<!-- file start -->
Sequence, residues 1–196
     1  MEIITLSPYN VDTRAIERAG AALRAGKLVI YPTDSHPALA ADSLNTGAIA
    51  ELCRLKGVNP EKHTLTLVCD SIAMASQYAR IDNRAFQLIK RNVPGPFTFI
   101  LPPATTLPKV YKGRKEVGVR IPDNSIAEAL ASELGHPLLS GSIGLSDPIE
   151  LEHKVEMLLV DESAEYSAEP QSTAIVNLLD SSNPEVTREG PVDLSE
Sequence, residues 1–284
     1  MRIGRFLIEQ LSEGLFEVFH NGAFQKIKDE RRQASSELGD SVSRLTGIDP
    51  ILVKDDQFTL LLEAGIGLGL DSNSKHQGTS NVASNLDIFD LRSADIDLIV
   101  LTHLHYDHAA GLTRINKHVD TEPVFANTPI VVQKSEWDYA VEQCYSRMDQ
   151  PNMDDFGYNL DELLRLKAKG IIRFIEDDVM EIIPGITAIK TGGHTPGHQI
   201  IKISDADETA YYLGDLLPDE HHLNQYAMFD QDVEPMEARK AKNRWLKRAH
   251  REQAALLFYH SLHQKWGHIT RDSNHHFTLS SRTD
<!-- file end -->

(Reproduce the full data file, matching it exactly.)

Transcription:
Sequence, residues 1–196
     1  MEIITLSPYN VDTRAIERAG AALRAGKLVI YPTDSHPALA ADSLNTGAIA
    51  ELCRLKGVNP EKHTLTLVCD SIAMASQYAR IDNRAFQLIK RNVPGPFTFI
   101  LPPATTLPKV YKGRKEVGVR IPDNSIAEAL ASELGHPLLS GSIGLSDPIE
   151  LEHKVEMLLV DESAEYSAEP QSTAIVNLLD SSNPEVTREG PVDLSE
Sequence, residues 1–284
     1  MRIGRFLIEQ LSEGLFEVFH NGAFQKIKDE RRQASSELGD SVSRLTGIDP
    51  ILVKDDQFTL LLEAGIGLGL DSNSKHQGTS NVASNLDIFD LRSADIDLIV
   101  LTHLHYDHAA GLTRINKHVD TEPVFANTPI VVQKSEWDYA VEQCYSRMDQ
   151  PNMDDFGYNL DELLRLKAKG IIRFIEDDVM EIIPGITAIK TGGHTPGHQI
   201  IKISDADETA YYLGDLLPDE HHLNQYAMFD QDVEPMEARK AKNRWLKRAH
   251  REQAALLFYH SLHQKWGHIT RDSNHHFTLS SRTD